twelve knots. Both boats are still on
the port tack, Columbia to windward and
2:03 p. m.—Columbia has gone about on
the starboard tack and still holds her lead.
2:04 p. m.—Shamrock quickly followed
around on the starboard tack.
7:15 p. m.: Columbia has gone on port
tack, closely followed by Shamrock.
2:23 p. m.: Shamrock is apparently
ahead, as developed on the last tack.
2:26 p. m.: Shamrock is now on the
port taok, Heading well north and may
be able to fetch the lightship in the next
tack. The yachts are splitting tacks.
2:34 p. m.: Both yachts are now on the
starboard tack. Shamrock ahead, the wind
2:48 p. m.: Both now on the port tack.
Shamrock still apparently slightly in the
lead. It is a close race.
2:34 p. m.—Shamrock still slightly in the
3:07 p. m.—The yachts are now three
miles from the finish. Shamrock appar
ently still slightly in the lead.
3:18 p. m.—Shamrock wqnt on the star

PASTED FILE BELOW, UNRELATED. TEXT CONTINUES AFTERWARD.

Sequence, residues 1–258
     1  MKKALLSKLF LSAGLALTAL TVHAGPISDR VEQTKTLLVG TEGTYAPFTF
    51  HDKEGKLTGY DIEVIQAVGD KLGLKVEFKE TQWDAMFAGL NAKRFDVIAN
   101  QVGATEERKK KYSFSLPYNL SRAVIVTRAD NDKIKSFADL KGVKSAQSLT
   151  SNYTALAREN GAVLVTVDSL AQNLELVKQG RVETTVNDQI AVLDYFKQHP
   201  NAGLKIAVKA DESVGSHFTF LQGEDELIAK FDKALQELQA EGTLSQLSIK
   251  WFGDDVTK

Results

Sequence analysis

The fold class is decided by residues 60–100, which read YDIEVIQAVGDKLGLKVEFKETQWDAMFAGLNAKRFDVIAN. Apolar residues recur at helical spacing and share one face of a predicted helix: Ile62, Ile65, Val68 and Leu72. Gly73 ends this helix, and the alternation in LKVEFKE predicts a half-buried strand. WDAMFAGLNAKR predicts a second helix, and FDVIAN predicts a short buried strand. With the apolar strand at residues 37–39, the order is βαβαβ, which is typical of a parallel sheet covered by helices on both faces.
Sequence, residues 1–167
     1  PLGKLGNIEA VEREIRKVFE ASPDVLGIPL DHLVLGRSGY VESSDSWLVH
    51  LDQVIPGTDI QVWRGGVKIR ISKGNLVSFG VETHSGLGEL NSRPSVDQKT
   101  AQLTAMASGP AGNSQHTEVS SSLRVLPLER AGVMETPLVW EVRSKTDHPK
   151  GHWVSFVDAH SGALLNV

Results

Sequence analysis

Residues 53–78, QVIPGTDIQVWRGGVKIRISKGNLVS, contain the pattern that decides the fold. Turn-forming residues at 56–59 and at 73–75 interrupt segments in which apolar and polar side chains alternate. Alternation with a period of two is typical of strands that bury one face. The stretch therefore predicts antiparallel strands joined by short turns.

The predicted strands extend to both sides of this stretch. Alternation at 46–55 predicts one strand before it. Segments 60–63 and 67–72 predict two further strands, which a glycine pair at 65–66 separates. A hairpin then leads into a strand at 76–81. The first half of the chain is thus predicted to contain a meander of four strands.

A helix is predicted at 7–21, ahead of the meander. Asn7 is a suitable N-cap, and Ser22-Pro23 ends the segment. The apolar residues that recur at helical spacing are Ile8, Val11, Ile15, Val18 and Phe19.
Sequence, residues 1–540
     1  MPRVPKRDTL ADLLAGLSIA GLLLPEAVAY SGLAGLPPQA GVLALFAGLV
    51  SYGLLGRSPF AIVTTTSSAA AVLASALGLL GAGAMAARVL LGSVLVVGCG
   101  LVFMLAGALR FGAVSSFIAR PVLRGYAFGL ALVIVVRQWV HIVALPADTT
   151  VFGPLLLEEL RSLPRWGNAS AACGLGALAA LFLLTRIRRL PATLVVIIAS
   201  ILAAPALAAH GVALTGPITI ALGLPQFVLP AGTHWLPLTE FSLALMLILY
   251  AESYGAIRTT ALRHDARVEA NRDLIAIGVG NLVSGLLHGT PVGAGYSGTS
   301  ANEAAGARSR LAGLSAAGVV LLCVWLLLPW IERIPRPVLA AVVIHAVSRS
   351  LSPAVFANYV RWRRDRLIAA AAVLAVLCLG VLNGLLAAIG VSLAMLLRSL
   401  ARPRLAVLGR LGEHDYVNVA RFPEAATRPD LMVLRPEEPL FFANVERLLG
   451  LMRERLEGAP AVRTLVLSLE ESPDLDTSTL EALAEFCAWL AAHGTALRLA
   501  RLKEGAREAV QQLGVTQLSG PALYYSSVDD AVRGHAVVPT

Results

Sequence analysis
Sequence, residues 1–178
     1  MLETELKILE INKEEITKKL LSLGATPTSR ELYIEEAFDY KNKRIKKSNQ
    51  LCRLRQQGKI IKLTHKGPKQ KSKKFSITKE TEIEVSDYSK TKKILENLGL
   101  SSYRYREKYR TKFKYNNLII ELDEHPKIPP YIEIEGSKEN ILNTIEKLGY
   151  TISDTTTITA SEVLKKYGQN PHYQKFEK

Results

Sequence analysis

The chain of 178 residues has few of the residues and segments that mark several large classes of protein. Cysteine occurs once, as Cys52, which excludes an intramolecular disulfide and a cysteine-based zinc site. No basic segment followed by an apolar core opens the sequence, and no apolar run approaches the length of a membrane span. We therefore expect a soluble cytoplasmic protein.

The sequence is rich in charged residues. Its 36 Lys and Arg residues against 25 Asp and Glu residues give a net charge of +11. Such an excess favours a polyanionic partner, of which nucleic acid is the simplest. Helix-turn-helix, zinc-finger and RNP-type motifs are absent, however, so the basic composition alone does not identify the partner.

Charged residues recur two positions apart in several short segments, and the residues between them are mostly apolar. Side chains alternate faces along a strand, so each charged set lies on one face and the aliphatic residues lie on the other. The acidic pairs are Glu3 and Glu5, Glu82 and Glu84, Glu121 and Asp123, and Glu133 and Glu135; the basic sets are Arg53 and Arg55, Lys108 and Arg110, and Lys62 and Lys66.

board tack about one and one-half miles
from the lightship.
3:30 p. m.—Shamrock has gone on the
starboard tack, Columbia following. The
race is close.
OVER THE COURSE
Shamrock Lends Half Way, bat I*
New York, Oct. 4.—The Jockeying for
the start was a pretty piece of work. At
the preparatory signal at 10:.55 the yachte
had not yet come about. Shamrock made
a complete circuit of the committee boat.
Columbia met her to the northwest, both
being close hauled on the port tack and
luffed into the wind.
When Shamrock came about to go for
the line, Columbia also came about on her
rival's starboard beam.
When the starting gun was fired botli
yachts were sailing parallel to the line,
heading to the southward. They were so
far to the westward of it that it was Im
possible to cross before the handicap gun,
unless one or the other gave way. Sham
rock held under Columbia's lee beam. They